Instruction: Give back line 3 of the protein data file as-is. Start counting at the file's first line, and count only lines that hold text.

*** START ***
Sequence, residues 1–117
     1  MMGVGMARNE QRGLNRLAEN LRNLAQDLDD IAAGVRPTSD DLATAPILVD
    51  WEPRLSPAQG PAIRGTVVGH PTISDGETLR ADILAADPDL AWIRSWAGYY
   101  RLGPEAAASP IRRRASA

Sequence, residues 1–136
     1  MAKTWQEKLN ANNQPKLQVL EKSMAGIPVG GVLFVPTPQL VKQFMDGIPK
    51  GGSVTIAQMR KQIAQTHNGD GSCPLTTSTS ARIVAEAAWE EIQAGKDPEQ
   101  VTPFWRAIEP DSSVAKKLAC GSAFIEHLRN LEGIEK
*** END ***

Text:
    51  WEPRLSPAQG PAIRGTVVGH PTISDGETLR ADILAADPDL AWIRSWAGYY